ASPIRE is a quarterly magazine published by PCI in cooperation with the associations of the National Concrete Bridge Council. The editorial content focuses on the latest technology and key issues in the Concrete Bridge Industry.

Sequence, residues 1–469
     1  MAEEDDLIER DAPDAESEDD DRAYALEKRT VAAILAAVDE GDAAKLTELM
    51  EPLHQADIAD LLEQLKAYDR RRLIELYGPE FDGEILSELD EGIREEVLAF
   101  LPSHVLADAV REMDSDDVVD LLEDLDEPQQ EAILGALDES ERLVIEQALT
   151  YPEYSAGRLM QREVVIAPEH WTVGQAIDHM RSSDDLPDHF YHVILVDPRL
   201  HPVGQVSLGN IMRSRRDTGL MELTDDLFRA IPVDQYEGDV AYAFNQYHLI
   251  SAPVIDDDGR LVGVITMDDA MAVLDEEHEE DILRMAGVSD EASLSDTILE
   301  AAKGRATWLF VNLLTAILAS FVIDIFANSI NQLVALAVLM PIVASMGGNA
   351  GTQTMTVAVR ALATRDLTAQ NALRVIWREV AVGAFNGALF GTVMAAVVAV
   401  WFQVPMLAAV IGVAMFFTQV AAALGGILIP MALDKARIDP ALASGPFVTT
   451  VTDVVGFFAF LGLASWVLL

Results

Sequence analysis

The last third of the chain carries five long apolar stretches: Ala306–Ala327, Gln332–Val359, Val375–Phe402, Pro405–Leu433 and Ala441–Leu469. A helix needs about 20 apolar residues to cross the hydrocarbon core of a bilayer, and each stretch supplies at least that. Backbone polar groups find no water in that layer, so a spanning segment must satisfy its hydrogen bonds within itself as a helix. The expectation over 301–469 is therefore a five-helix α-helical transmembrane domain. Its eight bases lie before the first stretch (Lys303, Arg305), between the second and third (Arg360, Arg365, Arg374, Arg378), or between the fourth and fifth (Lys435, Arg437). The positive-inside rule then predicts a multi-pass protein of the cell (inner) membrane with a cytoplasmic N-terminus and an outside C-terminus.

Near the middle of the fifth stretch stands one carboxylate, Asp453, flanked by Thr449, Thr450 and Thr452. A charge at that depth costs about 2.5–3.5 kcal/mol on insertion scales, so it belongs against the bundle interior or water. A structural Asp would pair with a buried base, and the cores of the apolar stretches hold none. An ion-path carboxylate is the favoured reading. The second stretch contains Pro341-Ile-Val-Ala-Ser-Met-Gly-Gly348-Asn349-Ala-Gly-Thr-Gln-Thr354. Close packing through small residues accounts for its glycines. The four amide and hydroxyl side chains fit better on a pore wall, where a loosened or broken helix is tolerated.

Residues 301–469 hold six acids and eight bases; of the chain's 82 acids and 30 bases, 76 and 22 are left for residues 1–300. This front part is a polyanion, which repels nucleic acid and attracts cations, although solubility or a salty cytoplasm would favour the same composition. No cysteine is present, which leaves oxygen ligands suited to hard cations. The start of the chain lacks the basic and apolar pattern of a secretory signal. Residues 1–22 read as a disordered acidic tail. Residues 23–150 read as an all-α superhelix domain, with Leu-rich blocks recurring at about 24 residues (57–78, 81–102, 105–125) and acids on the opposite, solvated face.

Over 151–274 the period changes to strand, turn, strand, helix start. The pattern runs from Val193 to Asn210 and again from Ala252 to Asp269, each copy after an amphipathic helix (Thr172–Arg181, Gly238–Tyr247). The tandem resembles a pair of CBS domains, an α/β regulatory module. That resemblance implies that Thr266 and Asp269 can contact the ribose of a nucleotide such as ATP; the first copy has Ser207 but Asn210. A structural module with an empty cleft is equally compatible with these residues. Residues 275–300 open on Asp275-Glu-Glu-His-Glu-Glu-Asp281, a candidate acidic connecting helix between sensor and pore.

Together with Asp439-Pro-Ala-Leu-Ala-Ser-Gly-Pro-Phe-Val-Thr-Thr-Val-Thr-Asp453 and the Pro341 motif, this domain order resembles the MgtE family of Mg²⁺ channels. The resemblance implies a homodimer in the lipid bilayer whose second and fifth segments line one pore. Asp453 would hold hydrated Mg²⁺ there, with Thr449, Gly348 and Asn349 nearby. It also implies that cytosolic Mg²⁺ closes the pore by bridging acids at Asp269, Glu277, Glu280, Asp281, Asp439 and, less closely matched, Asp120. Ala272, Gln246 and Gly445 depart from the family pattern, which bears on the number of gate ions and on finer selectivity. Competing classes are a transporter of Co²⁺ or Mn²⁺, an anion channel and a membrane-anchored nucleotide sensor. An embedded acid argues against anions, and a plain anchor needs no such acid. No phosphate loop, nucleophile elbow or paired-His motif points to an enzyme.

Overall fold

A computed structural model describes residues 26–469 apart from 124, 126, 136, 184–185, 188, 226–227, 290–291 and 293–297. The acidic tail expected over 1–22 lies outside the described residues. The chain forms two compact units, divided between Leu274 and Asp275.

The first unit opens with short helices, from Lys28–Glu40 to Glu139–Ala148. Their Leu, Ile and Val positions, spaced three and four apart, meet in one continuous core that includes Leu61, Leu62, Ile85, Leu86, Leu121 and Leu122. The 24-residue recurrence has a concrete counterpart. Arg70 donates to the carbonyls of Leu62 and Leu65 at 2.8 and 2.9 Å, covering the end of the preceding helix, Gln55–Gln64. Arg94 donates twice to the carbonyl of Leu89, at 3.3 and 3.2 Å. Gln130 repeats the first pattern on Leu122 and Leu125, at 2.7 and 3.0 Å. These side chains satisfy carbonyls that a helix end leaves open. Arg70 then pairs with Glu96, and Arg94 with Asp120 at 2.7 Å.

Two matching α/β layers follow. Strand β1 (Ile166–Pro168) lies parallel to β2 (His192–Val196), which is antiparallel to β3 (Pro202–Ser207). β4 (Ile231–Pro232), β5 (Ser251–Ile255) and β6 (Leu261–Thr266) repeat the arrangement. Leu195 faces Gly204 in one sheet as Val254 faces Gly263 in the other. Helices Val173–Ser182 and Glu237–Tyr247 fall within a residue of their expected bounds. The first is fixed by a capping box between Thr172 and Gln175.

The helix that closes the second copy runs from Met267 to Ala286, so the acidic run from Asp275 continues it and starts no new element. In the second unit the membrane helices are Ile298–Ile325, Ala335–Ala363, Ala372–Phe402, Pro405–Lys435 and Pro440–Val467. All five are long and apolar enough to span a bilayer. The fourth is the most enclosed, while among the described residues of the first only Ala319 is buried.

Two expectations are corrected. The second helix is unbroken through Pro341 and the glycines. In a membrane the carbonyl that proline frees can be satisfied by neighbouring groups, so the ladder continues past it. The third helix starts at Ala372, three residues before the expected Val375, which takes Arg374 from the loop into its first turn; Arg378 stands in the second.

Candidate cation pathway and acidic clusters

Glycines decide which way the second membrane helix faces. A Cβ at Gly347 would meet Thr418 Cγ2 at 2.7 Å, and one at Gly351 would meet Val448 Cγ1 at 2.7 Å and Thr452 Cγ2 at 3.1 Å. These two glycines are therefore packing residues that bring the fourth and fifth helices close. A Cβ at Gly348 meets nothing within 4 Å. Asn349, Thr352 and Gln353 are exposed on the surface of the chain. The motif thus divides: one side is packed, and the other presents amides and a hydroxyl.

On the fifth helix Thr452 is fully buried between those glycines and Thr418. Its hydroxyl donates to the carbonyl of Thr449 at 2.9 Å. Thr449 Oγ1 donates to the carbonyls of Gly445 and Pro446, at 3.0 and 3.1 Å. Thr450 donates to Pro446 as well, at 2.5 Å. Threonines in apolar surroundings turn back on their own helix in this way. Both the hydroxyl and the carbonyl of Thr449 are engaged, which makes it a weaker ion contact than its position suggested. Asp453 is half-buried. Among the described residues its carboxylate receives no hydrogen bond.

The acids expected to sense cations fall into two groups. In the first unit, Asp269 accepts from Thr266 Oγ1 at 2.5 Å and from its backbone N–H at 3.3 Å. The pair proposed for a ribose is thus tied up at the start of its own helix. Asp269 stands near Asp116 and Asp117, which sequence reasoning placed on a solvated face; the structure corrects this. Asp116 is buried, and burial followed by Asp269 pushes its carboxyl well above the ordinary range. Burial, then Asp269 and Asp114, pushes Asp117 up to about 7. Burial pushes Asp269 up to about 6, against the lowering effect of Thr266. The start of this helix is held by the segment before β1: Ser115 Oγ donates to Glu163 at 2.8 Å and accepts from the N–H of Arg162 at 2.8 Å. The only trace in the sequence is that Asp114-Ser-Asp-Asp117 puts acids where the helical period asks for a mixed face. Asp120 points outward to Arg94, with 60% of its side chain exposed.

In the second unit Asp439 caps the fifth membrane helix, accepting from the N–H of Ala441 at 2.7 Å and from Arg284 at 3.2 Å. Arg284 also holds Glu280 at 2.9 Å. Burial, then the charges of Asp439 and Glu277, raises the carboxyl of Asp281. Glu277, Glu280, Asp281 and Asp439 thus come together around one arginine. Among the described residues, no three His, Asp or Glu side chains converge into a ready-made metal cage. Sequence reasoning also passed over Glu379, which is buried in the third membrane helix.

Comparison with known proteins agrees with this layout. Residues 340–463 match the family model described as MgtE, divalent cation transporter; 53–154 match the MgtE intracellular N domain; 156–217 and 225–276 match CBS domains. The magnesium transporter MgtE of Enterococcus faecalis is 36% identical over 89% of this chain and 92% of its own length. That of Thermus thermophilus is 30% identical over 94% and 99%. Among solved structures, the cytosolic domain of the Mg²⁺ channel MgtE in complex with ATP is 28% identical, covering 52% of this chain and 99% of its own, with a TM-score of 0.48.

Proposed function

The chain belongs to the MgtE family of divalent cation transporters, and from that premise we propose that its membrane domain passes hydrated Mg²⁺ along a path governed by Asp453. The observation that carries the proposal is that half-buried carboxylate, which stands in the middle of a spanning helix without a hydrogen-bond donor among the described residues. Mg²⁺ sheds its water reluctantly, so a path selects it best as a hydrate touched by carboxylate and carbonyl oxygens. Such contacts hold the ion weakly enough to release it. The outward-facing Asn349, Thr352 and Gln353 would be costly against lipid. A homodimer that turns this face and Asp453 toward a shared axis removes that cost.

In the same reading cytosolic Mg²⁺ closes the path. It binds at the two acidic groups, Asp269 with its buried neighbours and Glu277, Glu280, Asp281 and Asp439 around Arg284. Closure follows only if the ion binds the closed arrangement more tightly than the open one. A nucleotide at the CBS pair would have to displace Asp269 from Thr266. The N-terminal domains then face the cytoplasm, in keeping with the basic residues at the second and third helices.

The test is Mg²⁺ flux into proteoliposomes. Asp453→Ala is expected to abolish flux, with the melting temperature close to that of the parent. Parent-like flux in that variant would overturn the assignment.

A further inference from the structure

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The use of HPC in the Richlands Bridge allowed the number of beams per span to be reduced from seven to five. All photos VDOT unless specified otherwise. 50 | ASPIRE , Winter 2008 S TAT E I n the mid 1990s, the Virginia Department of Transportation (VDOT), in cooperation with the Federal Highway Administration (FHWA), initiated a program focused on the development and implementation of high performance concrete (HPC). Prior to that time, many improvements had been made in design, materials, and construction practices in VDOT, establishing the foundation for the HPC program. Initially, the HPC program entailed work with normal weight concretes and focused on mix designs that yielded high strength, low permeability, and temperature control. Efforts progressed to the development of mix designs using lightweight aggregate to produce lightweight HPC with high strength and low permeability. VDOT has also evaluated the use of self-consolidating concrete. This concrete has very high flow characteristics, enabling consolidation without mechanical vibration. Finally, HPC efforts have led VDOT to investigate ultra-HPC fiber-reinforced concrete in bulb-tee beams with no conventional steel shear reinforcement, very high compressive strength, and negligible permeability. High Performance Concrete Since 1992, Virginia has been requiring protection against alkali-silica reactivity (ASR). If the alkali content of cements is currently more than 0.45 percent, various combinations of slag or pozzolans are required by VDOT to inhibit ASR. The addition of pozzolans or slag leads to low permeability in concretes and protection against chemical attack. In the mid 1990s, in cooperation with the FHWA, new bridge projects were planned under the experimental HPC program. These bridges had high strength concrete beams and/ or a concrete permeability requirement. The first HPC construction project was completed in 1995. This structure carrying Route 40 over Falling River, in Campbell County, consists of four 80-ft-long spans with AASHTO Type IV beams. The beams were fabricated with HPC with a specified compressive strength of 8000 psi and a maximum chloride permeability of 1500 coulombs. The bridge deck was constructed using HPC with a specified compressive strength of 6000 psi and a maximum chloride permeability of 2500 coulombs. The HPC design resulted in a reduction in the number of beams per span from seven to five. Soon after, another HPC structure was constructed carrying Virginia Avenue over the Clinch River in Richlands with beams having 0.6-in.-diameter prestressing strands. The bridge consists of two 74-ft-long spans of AASHTO Type III beams. The specified concrete compressive strength was 10,000 psi at 28 days and the maximum chloride permeability was 1500 coulombs. The deck was constructed with HPC having a specified strength of 5000 psi and a maximum chloride permeability of 2500 coulombs. Again, the use of HPC resulted in reducing the number of beams per span from seven to five. By 1999, VDOT had 76 bridge structures in the HPC program. The specified strength of the concrete ranged from 7000 to 10,000 psi. The low-permeability requirements were a maximum of 1500 coulombs for the prestressed concrete girders, 2500 for the cast-in-place concrete decks, and 3500 for cast-in-place concrete in the substructures. Lightweight HPC The economic benefits of HPC combined with a reduction in dead load make lightweight HPC (LWHPC) a very attractive material choice. In bridge beams, the use of LWHPC results in reduced dead loads that enable longer span lengths and reduced substructure loads. Bridge deck replacement using LWHPC reduces dead load thereby allowing greater lane capacity. The high quality concrete is expected to extend the service life of the structure. The first LWHPC bridge was constructed in 2001. The bridge carried Route 106 over the Chickahominy River near Richmond, Virginia. It was constructed using 84-ft-long AASHTO Type IV beams fabricated with LWHPC with a minimum specified compressive strength of 8000 psi and a maximum chloride permeability of Virginia's Developments in the Use of Concrete in Bridges by H. Celik Ozyildirim, Virginia Transportation Research Council and Julius F. J. Völgyi Jr., Virginia Department of Transportation 10973_ASPIRE_win08.indb 50 12/12/07 3:33:49 PM

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